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class Statement

Declares the name of a class as well as a definition of the variables, properties, and methods that comprise the class.

[modifiers] class classname [extends baseclass] [implements interfaces]{


Optional. Modifiers that control the visibility and behavior of the class.
Required. Name of the class; follows standard variable naming conventions.
Optional. Keyword indicating that the class classname extends baseclass. If this keyword is not used, a standard JScript base class is created that extends System.Object.
Optional. The name of the class being extended.
Optional. Keyword indicating that the class classname implements one or more interfaces.
Optional. A comma-delimited list of interface names.
Optional. classmembers can be method or constructor declarations (defined with the function statement), property declarations (defined with the function get and function set statements), field declarations (defined with the var or const statements), initializer declarations (defined with the static statement), enumeration declarations (defined with the enum statement), or nested class declarations.


Classes can be used to create instances or serve as the base for other classes, depending on the modifiers of the class. If a class is marked with the abstract modifier, the class can serve as a base class for other classes to extend, but instances of an abstract class cannot be created. If a class is marked with the final modifier, instances of the class can be created with the new operator, but the class cannot serve as a base.

Methods and constructors may be overloaded in a class. Consequently, multiple methods (or constructors) may have the same names. Overloaded class members are distinguished by their unique signatures, which are comprised of the name of the member and the data type of each of its formal parameters. Overloads allow a class to group methods with similar functionality.

A class can inherit the functionality of an existing base class by using the extends keyword. Methods of the base class can be overridden by declaring a new method with the same signature as the new class method. Methods in the new class can access overridden members of the base class using the super statement.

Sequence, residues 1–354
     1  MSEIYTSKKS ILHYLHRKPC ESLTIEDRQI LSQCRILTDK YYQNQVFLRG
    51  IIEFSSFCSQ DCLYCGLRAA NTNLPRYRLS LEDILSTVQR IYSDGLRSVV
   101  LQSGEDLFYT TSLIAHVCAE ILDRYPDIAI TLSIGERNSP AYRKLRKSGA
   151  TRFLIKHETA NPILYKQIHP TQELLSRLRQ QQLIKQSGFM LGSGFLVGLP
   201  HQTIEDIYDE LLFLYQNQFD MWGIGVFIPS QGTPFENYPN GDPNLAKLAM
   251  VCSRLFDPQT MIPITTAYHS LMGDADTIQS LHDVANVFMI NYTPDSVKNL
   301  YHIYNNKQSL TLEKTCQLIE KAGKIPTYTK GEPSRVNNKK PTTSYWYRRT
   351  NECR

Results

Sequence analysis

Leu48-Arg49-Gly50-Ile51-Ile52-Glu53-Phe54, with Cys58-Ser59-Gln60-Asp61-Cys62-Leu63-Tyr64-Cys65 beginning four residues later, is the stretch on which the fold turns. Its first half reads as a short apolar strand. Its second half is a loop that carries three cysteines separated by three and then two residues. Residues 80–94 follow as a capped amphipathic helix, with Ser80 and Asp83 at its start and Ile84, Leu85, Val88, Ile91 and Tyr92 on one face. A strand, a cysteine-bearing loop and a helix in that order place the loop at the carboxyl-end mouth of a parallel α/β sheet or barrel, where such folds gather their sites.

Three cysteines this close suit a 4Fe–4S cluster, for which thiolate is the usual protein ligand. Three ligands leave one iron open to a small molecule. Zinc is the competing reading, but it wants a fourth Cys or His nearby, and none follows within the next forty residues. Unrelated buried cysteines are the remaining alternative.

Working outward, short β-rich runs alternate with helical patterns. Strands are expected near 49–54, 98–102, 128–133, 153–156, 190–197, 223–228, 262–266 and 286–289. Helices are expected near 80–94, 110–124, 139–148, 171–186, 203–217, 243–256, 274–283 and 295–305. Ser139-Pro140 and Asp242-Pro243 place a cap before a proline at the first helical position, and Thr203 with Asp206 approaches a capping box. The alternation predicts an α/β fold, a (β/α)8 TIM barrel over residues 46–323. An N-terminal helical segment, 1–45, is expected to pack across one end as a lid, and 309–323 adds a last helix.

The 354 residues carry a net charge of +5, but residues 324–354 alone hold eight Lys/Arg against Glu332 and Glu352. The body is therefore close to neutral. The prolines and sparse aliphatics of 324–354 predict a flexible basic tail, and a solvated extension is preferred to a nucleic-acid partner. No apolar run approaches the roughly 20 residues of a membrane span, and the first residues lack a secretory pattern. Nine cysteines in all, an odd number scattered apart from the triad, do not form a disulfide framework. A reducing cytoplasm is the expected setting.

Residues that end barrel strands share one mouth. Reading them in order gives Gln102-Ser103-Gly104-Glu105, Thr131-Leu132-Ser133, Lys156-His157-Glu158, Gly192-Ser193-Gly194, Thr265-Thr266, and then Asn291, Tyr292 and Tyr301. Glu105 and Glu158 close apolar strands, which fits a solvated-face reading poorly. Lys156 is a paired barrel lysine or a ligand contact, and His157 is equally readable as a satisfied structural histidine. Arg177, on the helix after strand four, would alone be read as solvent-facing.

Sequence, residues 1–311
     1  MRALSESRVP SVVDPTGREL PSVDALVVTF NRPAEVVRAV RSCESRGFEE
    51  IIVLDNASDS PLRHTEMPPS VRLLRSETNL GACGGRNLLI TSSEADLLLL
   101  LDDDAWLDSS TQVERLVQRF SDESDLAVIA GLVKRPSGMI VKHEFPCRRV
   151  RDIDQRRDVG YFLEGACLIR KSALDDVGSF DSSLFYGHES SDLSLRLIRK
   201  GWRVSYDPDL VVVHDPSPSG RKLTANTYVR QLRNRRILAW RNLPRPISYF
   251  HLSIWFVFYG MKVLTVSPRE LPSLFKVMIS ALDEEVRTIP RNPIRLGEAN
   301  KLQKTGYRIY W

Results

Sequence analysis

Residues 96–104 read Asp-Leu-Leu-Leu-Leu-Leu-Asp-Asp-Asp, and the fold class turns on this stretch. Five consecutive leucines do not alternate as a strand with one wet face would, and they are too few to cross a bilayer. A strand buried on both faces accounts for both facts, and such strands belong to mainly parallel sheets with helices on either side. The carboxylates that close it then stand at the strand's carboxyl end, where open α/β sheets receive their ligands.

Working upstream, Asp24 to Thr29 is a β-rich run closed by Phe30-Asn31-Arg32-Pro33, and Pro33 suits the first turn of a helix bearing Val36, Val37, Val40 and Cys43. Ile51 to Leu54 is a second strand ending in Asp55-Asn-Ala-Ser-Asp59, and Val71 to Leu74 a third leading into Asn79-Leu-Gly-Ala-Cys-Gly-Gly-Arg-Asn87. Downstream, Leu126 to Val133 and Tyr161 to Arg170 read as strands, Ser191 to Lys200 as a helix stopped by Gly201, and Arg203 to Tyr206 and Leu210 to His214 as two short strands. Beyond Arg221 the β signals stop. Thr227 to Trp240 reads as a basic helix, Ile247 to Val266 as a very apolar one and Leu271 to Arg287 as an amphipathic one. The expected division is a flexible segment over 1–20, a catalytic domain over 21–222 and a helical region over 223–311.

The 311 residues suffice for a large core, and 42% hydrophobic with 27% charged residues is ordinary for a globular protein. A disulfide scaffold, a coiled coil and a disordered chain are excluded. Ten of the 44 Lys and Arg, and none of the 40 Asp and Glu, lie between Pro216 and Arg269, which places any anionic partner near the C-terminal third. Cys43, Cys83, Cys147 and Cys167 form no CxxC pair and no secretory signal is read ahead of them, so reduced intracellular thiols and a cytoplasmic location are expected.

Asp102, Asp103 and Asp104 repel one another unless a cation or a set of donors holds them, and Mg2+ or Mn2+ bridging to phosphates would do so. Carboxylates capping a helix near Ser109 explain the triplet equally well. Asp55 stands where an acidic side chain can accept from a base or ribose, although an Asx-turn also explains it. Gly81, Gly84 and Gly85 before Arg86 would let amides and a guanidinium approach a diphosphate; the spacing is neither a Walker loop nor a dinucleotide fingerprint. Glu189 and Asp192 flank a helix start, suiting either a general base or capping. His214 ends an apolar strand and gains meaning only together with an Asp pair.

A class can be patterned on one or more interfaces using the implements keyword. A class cannot inherit any behavior from an interface because an interface does not provide an implementation for any member. An interface does provide the class with a 'signature' that can be used when interacting with other classes. Unless the class that implements an interface is abstract, an implementation must be provided for every method defined in the interface.

Modifiers can be used to make a class instance behave more like a JScript object. To allow a class instance to handle dynamically added properties, use the expando modifier, which automatically creates a default indexed property for the class. Only expando properties are accessible using the square bracket notation of the JScript Object object.

Example 1

The following example creates a CPerson class with various fields and methods, the details of which have been omitted. The CPerson class serves as the base class for the CCustomer class in the second example.

// All members of CPerson are public by default.
class CPerson{
   var name : String;
   var address : String;

   // CPerson constuctor
   function CPerson(name : String){ = name;

   // printMailingLabel is an instance method, as it uses the
   // name and address information of the instance.
   function printMailingLabel(){

   // printBlankLabel is static as it does not require
   // any person-specific information.
   static function printBlankLabel(){

// Print a blank mailing label.
// Note that no CPerson object exists at this time.

// Create a CPerson object and add some data.
var John : CPerson = new CPerson("John Doe");
John.address = "15 Broad Street, Atlanta, GA 30315";
// Print a mailing label with John's name and address.

The output of this code is:

John Doe
15 Broad Street, Atlanta, GA 30315

Example 2

A CCustomer class is derived from CPerson, having additional fields and methods not applicable to a generic member of the CPerson class.

// Create an extension to CPerson.
class CCustomer extends CPerson{
   var billingAddress : String;
   var lastOrder : String;

   // Constructor for this class.
   function CCustomer(name : String, creditLimit : double){
      super(name); // Call superclass constructor.
      this.creditLimit = creditLimit;

   // Customer's credit limit. This is a private field
   // so that only member functions can change it. 
   private var creditLimit : double;
   // A public property is needed to read the credit limit.
   function get CreditLimit() : double{
      return creditLimit;

// Create a new CCustomer.
var Jane : CCustomer = new CCustomer("Jane Doe",500.);
// Do something with it.
Jane.billingAddress = Jane.address = "12 Oak Street, Buffalo, NY 14201";
Jane.lastOrder = "Windows 2000 Server";
// Print the credit limit.
print( + "'s credit limit is " + Jane.CreditLimit);
// Call a method defined in the base class.

The output of this part of the code is:

Jane Doe's credit limit is 500
Jane Doe
12 Oak Street, Buffalo, NY 14201


Version .NET

See Also

Modifiers | interface Statement | function Statement | function get Statement | function set Statement | var Statement | const Statement | static Statement | new Operator | this Statement | super Statement